Global markets tanked Monday as the world struggled to make sense out of Greece’s referendum vote.
A down morning for Wall Street worsened over the course of the afternoon Monday. The Dow lost more than 330 points, or roughly 2% of its value. The S&P dropped more than 2% and Nasdaq was the loss leader at the end of Monday. Nasdaq pared 2.4% of its value at the close Monday.
One banking sector source said that an expected bond pricing fell apart over the weekend. Elsewhere, other Wall Street pros said the uncertainty posed to US markets by the Greek referendum will hurt dealmaking in the near-term.
But no one we talked to is all that scared for the future.
For one thing, bankers and banks believe that the still-brewing crisis in the EU doesn’t have the same potential to fan out over as many countries and tank stocks.
Business Insider spoke with bankers, traders and economists and this is what they had to say:
- Unlike 2011, there’s no threat of ‘contagion’ to other parts of the European Union. “Unless there is a sense that Greece becomes a contagion, it’s a near-term issue,” one banker said.
- “There’s absolutely no long-term threat to the US,” an economist said. But, he added there is “short-term” impacts that the market is currently experiencing.
- There’s a big geopolitical angle that few people are addressing. If Greece were to exit the Euro, it could become “a potential Putin foothold,” the economist said. Although it may not be top-of-mind for the Greeks, elsewhere in the EU officials want to curb Russia’s influence.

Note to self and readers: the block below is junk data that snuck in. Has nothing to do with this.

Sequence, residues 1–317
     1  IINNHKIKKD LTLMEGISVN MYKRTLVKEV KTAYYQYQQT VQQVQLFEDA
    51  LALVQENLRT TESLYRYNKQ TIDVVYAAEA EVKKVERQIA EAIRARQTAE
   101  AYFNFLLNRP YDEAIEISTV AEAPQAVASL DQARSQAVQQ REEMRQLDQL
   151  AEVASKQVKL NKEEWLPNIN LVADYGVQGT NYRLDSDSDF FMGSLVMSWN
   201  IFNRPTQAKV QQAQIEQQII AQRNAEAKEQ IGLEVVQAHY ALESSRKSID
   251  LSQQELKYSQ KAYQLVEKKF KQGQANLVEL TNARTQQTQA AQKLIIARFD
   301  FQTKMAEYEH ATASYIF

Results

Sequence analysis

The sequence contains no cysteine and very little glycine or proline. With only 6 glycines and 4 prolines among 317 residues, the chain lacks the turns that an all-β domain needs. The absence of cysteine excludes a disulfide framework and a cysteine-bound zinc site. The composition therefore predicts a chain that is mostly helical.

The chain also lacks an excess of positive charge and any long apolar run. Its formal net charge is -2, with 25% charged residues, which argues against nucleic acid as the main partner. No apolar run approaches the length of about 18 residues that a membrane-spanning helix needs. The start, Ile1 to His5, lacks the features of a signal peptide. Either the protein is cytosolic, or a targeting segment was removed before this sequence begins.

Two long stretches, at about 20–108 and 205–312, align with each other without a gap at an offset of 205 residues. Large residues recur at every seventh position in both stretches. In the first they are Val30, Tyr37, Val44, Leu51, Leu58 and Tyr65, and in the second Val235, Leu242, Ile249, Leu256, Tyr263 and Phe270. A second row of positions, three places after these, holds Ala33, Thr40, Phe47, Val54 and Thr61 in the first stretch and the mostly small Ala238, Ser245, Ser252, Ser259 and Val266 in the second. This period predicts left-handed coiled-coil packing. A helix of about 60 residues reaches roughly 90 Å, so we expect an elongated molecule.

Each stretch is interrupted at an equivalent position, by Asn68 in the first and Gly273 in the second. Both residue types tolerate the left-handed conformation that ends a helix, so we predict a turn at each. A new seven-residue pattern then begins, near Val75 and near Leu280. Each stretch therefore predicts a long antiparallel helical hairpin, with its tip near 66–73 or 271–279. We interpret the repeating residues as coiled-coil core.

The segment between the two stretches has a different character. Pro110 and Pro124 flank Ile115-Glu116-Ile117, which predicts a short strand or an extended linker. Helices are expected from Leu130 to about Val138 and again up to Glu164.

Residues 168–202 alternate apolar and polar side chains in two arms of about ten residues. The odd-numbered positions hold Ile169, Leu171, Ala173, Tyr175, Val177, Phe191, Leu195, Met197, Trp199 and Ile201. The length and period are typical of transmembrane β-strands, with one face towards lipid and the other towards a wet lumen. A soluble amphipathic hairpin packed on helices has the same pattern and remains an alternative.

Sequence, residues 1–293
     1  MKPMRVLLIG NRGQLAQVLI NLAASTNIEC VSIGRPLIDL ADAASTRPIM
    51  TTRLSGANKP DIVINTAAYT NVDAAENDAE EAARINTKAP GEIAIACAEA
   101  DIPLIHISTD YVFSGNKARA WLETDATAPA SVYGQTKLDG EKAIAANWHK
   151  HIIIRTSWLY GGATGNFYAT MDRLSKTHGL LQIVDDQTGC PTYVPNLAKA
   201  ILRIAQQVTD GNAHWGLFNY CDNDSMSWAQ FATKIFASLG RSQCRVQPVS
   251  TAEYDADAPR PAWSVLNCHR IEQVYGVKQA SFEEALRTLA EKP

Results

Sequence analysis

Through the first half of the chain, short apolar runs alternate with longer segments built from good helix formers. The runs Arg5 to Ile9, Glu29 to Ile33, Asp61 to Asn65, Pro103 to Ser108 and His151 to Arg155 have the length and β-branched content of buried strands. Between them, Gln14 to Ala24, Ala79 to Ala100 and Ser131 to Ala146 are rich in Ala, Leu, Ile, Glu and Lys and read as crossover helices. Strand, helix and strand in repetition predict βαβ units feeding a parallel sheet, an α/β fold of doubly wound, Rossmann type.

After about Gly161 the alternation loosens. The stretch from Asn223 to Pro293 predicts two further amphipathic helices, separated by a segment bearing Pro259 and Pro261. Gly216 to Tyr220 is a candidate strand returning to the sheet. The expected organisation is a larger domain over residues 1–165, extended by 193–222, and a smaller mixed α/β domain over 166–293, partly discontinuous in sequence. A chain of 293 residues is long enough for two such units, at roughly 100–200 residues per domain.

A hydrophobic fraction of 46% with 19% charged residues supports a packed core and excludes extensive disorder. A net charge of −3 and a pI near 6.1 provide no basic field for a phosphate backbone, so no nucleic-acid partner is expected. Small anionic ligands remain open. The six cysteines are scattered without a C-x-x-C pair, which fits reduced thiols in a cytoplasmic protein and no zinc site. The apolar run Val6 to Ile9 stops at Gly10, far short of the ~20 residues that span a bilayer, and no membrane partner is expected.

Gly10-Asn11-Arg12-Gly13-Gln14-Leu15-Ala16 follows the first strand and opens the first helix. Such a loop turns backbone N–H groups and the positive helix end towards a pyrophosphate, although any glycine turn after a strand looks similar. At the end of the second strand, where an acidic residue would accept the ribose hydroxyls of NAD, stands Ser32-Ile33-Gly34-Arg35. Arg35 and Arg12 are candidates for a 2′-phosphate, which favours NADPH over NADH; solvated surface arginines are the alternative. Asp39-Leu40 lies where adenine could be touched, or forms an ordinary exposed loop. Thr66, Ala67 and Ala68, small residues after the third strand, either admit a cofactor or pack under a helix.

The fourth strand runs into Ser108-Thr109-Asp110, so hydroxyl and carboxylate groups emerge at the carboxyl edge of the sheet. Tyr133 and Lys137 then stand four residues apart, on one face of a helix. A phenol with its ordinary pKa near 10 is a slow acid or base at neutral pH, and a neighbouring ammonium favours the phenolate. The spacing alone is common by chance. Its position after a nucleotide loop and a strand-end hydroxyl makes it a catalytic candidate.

- There’s an even bigger international factor for the global economy than Putin, or Greece. “Greece plus China’s markets are in bear territory is a reason investors will be cautious on financings,” the banker said.
- Traders aren’t sweating the Monday market meltdown, either. “I think a lot of funds had priced today in already,” one hedge fund employee said. And bankers seem to feel the same way.
- After all: it’s summer. Deals are supposed to slow down. The markets have plenty of time to get back to normal. “As long as we have some clarity before the September deal flood, we should be OK,” one banker says. “US-driven M&A may experience a pause but we are in the middle of summer when the deal market historically slows down.”